2020 is here and most of us would still like to achieve optimal wellness in this new decade. One of the most effective ways to improve your mental and physical health is to keep your mind engaged. One of the best ways to open new pathways in your brain and find new possibilities in your world is to read books. By reading wellness books, you can find tips to help you feel best all year long. Here are the top 7 wellness books to read in 2020.
How to Breathe: 25 Simple Practices for Calm, Joy, and Resilience by Ashley Neese
Nothing takes a toll on our overall wellness quite like stress can. Most of us think that stress is an unavoidable part of life and accept it for what it is Keeping this tension bottled up is unnecessary and can be harmful to your brain and body. The key to finding your inner zen is in your breathing.
We added How to Breathe by Ashley Neese to this list of wellness books because we love how it teaches us to stop taking our breath for granted By utilizing proper breathing techniques, we can learn how to cope with stressful situations in a better, healthier way.
Neese is a breathwork expert. Who knew we needed an expert to breathe? This goes to show that we could all benefit from learning more about this essential function. Over the past decade, Neese has worked with clients to improve their breathing using various exercises. She has expert knowledge and her lessons provide lasting effects.
Building these good habits consciously trains the mind and body to perform them naturally during times of fight or flight. You’ll notice that instead of balling up your fists and clenching your teeth under pressure, you’ll be able to take a step back and breathe.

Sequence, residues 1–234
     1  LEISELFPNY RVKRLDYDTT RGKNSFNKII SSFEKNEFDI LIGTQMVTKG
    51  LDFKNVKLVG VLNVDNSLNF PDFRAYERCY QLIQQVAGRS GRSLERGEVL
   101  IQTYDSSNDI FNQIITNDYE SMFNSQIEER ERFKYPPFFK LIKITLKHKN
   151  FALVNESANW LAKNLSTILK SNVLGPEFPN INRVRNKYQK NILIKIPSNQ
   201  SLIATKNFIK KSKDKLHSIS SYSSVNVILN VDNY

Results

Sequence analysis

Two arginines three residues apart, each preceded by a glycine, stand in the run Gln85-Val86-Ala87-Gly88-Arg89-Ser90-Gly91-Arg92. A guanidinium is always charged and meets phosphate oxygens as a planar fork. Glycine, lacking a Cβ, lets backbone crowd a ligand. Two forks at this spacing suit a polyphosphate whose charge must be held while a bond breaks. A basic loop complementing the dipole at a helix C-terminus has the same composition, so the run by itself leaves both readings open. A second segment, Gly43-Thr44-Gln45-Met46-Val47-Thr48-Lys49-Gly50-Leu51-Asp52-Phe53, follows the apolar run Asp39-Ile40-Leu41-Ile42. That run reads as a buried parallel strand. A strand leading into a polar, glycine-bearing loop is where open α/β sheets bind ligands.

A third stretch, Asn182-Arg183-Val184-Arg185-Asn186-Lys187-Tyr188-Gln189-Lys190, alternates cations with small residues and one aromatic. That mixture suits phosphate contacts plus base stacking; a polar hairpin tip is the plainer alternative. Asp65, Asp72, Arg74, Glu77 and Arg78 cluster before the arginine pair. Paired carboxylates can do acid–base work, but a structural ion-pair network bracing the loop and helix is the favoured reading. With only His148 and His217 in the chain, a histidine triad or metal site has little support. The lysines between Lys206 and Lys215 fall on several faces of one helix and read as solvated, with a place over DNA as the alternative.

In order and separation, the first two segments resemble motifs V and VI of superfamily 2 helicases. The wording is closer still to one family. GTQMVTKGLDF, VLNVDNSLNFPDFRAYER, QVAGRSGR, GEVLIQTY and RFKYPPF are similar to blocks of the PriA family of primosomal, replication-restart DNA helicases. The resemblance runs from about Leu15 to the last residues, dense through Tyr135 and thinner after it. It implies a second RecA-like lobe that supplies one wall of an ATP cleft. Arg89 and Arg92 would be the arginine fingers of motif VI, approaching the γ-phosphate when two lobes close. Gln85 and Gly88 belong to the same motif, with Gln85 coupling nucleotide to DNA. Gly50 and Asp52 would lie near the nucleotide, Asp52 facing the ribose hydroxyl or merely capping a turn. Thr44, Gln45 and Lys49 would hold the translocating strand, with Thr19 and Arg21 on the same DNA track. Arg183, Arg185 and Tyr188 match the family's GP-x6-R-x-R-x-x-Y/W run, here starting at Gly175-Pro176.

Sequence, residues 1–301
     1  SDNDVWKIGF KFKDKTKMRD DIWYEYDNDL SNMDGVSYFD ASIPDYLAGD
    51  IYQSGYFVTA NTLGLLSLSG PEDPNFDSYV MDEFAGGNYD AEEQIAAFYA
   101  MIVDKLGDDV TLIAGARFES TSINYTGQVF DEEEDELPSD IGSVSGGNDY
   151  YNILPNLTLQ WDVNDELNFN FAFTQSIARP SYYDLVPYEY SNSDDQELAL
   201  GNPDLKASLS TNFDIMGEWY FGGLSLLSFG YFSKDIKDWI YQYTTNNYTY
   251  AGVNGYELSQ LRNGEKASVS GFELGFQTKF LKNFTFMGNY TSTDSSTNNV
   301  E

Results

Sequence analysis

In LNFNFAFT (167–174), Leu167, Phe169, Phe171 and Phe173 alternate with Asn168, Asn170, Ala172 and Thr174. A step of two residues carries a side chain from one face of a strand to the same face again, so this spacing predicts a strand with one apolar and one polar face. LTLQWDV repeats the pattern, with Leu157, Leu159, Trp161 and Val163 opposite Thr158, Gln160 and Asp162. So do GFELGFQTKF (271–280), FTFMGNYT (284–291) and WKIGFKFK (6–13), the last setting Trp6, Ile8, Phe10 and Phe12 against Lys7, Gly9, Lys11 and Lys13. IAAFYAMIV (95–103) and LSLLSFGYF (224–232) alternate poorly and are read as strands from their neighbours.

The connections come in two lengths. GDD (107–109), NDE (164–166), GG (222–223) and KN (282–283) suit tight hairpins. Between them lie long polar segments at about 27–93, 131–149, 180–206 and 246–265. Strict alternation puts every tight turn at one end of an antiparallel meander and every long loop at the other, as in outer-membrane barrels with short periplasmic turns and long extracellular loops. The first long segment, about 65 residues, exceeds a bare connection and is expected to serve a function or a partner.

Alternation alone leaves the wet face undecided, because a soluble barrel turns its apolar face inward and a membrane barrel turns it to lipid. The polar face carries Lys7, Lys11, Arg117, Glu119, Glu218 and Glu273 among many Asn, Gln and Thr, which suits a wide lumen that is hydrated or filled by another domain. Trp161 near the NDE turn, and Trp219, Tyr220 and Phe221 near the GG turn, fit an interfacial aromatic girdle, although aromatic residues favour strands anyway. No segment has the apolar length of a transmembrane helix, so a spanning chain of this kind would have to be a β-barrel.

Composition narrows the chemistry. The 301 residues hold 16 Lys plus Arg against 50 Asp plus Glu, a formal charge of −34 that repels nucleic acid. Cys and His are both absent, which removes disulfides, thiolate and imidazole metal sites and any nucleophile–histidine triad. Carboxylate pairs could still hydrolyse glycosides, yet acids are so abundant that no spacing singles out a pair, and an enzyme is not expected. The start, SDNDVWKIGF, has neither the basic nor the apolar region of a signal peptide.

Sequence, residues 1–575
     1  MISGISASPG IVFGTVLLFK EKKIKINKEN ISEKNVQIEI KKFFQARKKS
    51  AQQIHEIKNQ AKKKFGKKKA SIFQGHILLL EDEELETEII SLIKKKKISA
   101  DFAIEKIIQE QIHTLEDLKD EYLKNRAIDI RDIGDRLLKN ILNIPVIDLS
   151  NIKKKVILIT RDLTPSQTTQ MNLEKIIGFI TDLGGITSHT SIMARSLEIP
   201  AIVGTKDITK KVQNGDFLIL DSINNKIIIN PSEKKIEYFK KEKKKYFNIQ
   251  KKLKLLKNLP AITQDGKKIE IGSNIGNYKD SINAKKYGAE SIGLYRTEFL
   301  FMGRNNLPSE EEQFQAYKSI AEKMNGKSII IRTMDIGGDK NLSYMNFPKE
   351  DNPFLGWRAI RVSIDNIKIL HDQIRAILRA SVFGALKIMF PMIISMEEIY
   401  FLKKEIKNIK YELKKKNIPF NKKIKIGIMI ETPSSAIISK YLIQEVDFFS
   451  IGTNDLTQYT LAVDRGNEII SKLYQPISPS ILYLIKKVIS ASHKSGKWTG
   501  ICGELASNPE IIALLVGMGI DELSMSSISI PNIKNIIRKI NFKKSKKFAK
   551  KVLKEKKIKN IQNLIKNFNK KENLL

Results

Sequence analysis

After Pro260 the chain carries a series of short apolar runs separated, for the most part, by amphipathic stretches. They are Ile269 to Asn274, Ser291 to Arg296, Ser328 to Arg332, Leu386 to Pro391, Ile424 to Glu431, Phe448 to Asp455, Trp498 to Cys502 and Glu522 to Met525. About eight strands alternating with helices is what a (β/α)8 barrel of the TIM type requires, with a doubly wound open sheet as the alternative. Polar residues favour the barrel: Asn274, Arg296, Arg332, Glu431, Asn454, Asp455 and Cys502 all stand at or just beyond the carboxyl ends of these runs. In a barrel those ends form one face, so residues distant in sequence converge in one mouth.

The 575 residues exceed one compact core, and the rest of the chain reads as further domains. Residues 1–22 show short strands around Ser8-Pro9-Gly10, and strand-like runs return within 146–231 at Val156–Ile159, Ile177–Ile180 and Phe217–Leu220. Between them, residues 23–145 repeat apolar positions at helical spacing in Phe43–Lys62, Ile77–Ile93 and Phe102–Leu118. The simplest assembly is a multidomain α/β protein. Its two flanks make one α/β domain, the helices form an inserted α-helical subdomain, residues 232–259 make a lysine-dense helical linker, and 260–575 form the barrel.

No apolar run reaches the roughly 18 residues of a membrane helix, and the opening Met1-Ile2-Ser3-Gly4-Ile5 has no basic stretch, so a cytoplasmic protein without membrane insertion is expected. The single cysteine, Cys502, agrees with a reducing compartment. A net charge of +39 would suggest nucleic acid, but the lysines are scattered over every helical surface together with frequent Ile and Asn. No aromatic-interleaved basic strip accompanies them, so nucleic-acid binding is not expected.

Digital Minimalism: Choosing a Focused Life in a Noisy World by Cal Newport
87% of smartphone users will check their devices during a conversation with loved ones. Let that sink in. Not only is it rude to the people you are with, but these actions are hurting smartphone users. They’re missing out on memorable conversations, learning experiences and other chances to expand their horizons. Thanks to Digital Minimalism by Cal Newport, we can reclaim our zest for life.
Digital Minimalism is not one of your average wellness books. It’s an electronic detox. You go 30 days without the noisy chatter of everything, even music. No social media, email strictly for work during set hours and a TV-free nighttime are all staples of the Digital Minimalism Challenge.
Once the 30 days are over, you can slowly integrate these staples back into your life but you must be particular about them: allow yourself one hour of TV time, only listen to music in the car, check social media once a day.
You’ll immediately prioritize the things that you truly care about. For instance, if you dedicate your allotted one hour online to browsing sports, that’s your passion. There’s no need to waste another hour browsing celebrity gossip and watching trailers for the latest movie coming out.
Newport has gone through this mental decluttering experiment himself. He encouraged many others to do the same along the way. The results are unanimous– everyone was happier in the end!
Complete Wellness: Enjoy long-lasting health and well-being with more than 800 natural remedies by Neal’s Yard Remedies
If you are a burgeoning naturopath and need a foundation for your growing wellness book collection, let Complete Wellness by Neal’s Yard Remedies be that cornerstone. This book has everything you need to practice holistic care in your home.
What we love about this book is that it covers a broad range of essential aspects of wellness that require our attention and care. This book even offers all-natural tips to improve the biodiversity of your intestinal flora, promote blood circulation and keep your weight in check.
One of the best parts about this book is its variety. The traditional oil and herb remedies are included but they also offer delicious and unique recipes. Complete Wellness truly takes a “food-as-medicine” approach by illustrating how whole, organic foods can support your wellness.
This selection earns bonus points because it offers a kid’s section, too. If we can foster good habits in our children early on, they will be prepared to make healthy choices once they fly the nest. Neal’s Yard makes learning about health fun and digestible!